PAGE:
Until its weight draped round my feet and I breathed out. Birds sang unseen as the hem brushed the dust down the wooden staircase and over new mown grass to rest and pause, where cameras winked and moments froze.
Sparrows darted to the neighbour’s tree, head on one side and down the path the hem of the dress shuffled leaves until it was bundled up into the car. It sat quiet, being, folded in upon itself, cushioned on the plush carpet of the foot-well until blackbirds cut the air, overarching the church gate.
And there with the creak of old hinges, with the warmth of a palm, with the click of heels on old stone, the hem of the dress made its way home. Home, on the short path to the archway, home to the hush of the slate and it dragged feathers and fronds as it swayed, as it made its way past pews to the front.
And there it rested for a while, settled in ivory, calm where it belonged. The hem of the dress over champagne silk boots, near to sharp creases in suits and it paused, waited, just to the left of polished shoes.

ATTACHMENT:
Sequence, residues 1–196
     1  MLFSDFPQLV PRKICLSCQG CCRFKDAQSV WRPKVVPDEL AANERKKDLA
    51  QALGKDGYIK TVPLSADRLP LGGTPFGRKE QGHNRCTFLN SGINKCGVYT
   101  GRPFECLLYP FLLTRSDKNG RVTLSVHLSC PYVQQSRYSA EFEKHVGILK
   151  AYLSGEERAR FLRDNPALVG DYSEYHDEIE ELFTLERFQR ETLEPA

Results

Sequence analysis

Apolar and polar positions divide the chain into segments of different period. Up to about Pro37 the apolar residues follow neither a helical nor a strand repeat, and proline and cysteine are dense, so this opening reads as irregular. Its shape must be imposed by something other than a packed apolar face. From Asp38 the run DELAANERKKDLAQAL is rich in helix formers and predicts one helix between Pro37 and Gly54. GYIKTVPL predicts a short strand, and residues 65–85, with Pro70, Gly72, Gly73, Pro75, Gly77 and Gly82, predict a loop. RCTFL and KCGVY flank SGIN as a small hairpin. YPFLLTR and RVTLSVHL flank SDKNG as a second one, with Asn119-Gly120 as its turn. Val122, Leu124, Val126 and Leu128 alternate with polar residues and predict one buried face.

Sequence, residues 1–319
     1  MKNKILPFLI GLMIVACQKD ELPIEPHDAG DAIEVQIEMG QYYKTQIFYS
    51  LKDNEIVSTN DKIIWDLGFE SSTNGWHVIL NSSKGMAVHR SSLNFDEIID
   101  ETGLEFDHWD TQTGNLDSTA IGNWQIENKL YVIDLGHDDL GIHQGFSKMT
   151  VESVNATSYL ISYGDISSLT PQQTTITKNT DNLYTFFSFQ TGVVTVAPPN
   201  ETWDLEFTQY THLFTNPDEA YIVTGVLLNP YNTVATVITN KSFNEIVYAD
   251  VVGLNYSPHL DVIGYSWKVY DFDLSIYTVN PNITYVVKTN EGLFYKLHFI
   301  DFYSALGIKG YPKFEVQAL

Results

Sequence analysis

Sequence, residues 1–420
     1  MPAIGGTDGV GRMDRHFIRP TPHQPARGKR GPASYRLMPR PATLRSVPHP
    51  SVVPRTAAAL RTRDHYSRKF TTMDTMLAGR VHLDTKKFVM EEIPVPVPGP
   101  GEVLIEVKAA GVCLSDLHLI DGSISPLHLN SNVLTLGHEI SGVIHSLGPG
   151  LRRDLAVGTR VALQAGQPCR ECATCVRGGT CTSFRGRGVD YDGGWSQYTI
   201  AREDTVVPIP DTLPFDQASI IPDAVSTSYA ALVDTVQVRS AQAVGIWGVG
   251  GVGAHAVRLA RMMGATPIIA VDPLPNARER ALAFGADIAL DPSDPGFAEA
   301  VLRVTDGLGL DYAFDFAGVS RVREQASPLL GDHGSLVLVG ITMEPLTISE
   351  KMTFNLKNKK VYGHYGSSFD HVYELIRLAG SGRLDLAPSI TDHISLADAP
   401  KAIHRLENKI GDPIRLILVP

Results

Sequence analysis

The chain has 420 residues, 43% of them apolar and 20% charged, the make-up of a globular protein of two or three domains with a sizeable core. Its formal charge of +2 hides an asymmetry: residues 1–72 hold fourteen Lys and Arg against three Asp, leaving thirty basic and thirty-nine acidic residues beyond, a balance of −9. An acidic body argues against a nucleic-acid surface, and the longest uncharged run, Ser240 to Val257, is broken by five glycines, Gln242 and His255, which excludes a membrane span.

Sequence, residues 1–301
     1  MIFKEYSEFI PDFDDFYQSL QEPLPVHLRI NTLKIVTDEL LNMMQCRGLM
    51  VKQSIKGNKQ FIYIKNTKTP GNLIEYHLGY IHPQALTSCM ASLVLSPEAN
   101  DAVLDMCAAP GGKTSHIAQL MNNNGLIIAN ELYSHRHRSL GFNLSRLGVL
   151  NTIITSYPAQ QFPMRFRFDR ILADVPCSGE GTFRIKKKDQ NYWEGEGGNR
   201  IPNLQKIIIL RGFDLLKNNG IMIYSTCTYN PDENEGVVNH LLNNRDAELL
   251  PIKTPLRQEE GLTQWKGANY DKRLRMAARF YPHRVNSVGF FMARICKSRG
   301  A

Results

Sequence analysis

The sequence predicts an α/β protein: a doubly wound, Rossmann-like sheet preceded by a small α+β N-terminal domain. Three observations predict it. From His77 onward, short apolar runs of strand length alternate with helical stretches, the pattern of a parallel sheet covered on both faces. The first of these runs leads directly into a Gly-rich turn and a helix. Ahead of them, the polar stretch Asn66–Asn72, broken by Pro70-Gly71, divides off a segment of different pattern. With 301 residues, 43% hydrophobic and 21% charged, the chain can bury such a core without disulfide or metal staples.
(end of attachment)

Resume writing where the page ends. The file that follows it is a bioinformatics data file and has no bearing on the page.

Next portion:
And then sunlight came back to stroke it, came to throw light at the door. The hem swept and rippled, caught the coloured flecks, scattered rainbows all around, then hands scooped it back up into soft contours in the car.
Trees moved above it unseen, voices chattered and laughed while it lay crumpled up and then the grass came back, daffodils nodded and bobbed as it moved around. Photons bounced up from the duck pond, white spots and sparkles, before it coated steps and carpet-brushed itself along.
And it swooned, the hem of the dress with the tiny remnants from the day and it danced over polished floors, glided as though it would always flow, would always sway, as though in its moment there was release.
And later it lay, much later it was still, smoothed out again and silent on the protective bag at the bedside, soon to be tucked far away.
And now hydrogen coalesces into helium, firing light and heat, like it did, like it does. How reassuring as it warms up the blackbird’s wings, as it listens to the soil.